Chelsea Clinton’s mom hasn’t come up with a coherent answer to how she would curb the increasing cost of healthcare under the new Obamacare regime. She’s waffled between advising her audiences to double check the Obamacare website in case they missed a cheaper plan, to claiming credit for the entire thing, noting that before everyone hated Obamacare, those exact same people hated her plan.
But it’s hard to escape the idea, especially lately, that Obamacare isn’t the cost-cutting measure for most Americans that it was promised to be. Sure, it does some good things, but health costs are rising, not falling, and out-of-pocket maximums for people who buy insurance on the exchange hover around $10,000 – not exactly affordable. So what does the Democratic frontrunner have to say? Well, according to her daughter, that she’d take unilateral action to fix the ACA by instiuting even more regulation.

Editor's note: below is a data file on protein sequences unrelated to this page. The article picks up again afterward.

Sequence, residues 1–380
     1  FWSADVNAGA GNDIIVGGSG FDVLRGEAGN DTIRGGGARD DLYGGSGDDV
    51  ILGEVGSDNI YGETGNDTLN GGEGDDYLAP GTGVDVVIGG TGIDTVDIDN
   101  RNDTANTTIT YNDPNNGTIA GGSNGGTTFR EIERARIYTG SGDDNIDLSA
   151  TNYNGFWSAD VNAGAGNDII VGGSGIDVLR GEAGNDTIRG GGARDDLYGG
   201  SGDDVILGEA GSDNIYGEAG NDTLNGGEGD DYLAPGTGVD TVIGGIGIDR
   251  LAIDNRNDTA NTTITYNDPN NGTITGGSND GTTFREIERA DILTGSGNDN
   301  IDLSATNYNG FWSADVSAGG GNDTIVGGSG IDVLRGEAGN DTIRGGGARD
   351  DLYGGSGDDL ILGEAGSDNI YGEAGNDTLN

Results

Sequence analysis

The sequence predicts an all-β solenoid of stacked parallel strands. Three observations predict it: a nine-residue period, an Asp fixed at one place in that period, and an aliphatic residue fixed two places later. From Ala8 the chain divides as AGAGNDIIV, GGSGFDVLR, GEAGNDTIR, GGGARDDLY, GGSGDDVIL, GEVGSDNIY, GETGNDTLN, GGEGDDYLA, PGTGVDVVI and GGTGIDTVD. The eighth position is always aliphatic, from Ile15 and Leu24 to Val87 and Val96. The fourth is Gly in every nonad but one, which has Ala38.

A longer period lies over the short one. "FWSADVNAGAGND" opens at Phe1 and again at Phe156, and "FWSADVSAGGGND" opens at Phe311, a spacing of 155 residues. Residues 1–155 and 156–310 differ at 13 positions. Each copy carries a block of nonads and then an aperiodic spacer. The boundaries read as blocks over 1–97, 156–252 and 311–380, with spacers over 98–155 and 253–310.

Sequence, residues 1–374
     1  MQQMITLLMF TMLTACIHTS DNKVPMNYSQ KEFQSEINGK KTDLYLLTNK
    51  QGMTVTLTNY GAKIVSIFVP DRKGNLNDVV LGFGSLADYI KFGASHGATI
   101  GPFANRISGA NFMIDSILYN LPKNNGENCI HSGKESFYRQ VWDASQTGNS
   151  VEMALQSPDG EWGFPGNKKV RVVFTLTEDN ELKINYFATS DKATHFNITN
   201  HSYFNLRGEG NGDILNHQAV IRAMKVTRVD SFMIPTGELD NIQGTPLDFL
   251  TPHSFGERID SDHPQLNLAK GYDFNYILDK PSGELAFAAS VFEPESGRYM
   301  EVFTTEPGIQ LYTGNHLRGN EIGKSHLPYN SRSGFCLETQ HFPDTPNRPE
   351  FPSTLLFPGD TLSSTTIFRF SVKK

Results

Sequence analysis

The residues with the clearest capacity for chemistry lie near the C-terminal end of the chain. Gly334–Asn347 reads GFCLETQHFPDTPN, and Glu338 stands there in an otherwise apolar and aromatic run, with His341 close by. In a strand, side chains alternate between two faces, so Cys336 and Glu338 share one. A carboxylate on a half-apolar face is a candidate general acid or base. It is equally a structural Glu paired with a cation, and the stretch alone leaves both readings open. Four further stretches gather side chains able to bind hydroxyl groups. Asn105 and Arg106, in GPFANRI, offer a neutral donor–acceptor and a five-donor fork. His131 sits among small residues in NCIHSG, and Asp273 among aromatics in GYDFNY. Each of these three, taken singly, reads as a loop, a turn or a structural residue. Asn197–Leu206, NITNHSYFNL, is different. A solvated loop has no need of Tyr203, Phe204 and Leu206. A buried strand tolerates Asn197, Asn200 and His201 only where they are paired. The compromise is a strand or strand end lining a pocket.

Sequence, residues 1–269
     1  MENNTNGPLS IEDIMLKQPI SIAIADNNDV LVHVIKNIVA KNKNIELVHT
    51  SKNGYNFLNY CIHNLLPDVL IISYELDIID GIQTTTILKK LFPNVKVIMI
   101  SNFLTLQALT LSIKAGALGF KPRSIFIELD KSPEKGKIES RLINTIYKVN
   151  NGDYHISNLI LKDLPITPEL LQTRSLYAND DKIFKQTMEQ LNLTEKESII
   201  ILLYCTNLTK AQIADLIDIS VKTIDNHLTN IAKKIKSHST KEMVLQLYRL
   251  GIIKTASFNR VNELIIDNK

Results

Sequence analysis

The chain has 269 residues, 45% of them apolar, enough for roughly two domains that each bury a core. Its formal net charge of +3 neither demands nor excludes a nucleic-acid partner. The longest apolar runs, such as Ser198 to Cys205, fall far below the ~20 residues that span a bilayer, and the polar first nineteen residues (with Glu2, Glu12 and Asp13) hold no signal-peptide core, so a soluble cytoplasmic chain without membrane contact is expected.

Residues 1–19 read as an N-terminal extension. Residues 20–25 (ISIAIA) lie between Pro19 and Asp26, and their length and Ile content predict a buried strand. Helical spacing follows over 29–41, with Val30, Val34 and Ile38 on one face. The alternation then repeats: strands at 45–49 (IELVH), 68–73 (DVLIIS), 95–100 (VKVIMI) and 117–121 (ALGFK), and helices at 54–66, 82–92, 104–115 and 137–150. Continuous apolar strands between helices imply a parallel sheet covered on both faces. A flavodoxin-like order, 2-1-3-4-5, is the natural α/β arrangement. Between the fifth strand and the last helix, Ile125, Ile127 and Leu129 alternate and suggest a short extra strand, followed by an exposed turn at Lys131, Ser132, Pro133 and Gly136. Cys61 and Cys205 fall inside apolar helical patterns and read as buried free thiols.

According to Chelsea, her mom would:
“…cap on out of pocket expenses. This was part of my mom’s original plan back in ’93 and ’94, as well as premium costs. We can either do that directly or through tax credits. And, kind of figuring out whether she could do that through executive action, or she would need to do that through tax credits working with Congress. She thinks either of those will help slove the challenge of kind of the crushing costs that still exist for too many people, who even are part of the Affordable Care Act and buying insurance…”
But the problem is, of course, that such a scheme misses the point of why Obamacare is failing in the first place: such stringent price controls and inescapable mandates require huge investments, from individuals and from insurance companies. The greater the burden on insurance, the more burden they pass on to consumers. When they can’t pass along the cost any longer, they’ll limit what they can offer. You’ll lose coverage on expensive treatments, non-essential drugs, and things that the insurance companies don’t deem absolutely essential to prolonging your life.
Obamacare doesn’t work because it forces too much, not too little.
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